A few days after announcing it was cutting back on its commitment targets for lowering greenhouse gas emissions, the Japanese government will reportedly be releasing figures that show it has actually met the Kyoto Protocol requirements through tree-planting and buying carbon credits. This will be announced by Environment Minister Nobuteru Ishihara during the ongoing United Nations meeting in Warsaw to create a global climate pact.
In fact, sources say Japan was able to meet the 6% target under the protocol that was established in 1997 by achieving an 8.2% cut on greenhouse gas and carbon emissions if basing it on the fiscal 1990 baseline. This was probably due to the global financial crisis in 2009, forest absorption and the purchase of carbon credits overseas. However, this is only for the first commitment period and by 2011, Japan’s greenhouse emissions have been steadily rising due to the fact that most of its nuclear plants went offline after the Great East Japan Earthquake, tsunami and subsequent nuclear meltdown in Fukushima. Utilities had to switch to thermal power generation to provide power to the country, but these have caused an increase in carbon dioxide emissions. Japan has decided not to join the second commitment period under the protocol, which will take eight years, as they feel it does not have an effective framework, citing the fact that major gas-emitting countries like the United States and China are not part of the reduction efforts.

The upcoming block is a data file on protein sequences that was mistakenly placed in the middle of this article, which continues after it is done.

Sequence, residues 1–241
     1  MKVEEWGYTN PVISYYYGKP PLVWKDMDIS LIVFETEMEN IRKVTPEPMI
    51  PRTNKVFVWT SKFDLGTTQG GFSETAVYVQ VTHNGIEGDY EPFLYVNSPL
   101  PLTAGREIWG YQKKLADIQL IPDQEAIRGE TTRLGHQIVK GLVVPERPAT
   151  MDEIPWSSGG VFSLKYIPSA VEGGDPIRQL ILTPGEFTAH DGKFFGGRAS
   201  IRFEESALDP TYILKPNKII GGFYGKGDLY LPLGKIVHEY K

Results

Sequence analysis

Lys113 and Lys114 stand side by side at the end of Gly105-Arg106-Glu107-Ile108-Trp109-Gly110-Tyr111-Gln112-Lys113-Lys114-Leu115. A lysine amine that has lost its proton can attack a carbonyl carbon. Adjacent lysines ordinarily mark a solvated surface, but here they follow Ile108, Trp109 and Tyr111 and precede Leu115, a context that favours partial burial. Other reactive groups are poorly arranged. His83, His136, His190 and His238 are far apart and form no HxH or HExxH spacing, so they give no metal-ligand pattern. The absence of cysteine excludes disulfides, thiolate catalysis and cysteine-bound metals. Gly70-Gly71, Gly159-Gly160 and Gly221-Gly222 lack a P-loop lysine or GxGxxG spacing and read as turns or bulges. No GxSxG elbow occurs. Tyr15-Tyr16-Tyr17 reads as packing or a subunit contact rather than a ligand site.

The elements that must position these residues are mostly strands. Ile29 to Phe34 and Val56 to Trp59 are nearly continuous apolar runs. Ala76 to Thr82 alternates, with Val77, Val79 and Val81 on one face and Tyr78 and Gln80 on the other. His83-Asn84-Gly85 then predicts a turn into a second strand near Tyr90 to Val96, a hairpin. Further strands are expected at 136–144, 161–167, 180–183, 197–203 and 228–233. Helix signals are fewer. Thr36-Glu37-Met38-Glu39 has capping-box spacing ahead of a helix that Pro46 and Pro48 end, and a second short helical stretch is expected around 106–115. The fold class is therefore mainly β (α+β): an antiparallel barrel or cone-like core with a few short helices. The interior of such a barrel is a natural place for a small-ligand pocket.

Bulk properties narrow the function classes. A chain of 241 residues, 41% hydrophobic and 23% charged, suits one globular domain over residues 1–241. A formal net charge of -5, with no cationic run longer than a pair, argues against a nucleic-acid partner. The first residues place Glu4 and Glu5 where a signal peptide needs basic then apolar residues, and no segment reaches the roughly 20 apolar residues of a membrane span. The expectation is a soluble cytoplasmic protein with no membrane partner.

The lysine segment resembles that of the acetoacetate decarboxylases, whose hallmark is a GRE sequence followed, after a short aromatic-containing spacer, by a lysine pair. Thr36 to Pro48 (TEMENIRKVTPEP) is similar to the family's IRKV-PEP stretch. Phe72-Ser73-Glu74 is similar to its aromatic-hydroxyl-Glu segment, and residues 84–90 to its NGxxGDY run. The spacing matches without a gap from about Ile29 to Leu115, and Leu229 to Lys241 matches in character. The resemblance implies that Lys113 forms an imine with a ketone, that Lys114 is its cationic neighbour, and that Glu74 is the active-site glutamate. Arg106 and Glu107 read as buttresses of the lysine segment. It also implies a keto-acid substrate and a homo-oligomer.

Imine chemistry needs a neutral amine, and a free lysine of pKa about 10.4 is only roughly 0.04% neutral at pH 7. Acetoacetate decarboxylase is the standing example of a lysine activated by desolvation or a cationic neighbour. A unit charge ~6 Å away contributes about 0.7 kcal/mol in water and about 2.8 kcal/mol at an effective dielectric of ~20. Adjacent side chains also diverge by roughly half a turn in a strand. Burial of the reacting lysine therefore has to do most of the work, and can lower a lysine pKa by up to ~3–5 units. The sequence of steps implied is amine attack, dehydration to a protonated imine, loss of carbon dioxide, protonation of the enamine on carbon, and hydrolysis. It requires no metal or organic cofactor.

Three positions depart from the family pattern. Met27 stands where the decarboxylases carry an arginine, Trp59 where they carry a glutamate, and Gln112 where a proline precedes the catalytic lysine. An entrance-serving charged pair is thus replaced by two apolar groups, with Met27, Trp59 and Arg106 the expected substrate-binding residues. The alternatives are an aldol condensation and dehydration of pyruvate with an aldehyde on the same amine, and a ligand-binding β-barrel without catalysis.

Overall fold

Japan is the world’s fifth-biggest greenhouse gas emitter, and the news that they have set back by 3.8% their target by 2020 from the baseline of 2005 levels was met with a lot of criticism. “It could further accelerate the race to the bottom among other developed countries when the world needs decisive and immediate actions to ‘‘raise’’ ambition, not to ‘‘lower’’ ambition,” said Naoyuki Yamagishi, WWF Japan’s leader for its climate and energy group.
[ via Yahoo ]
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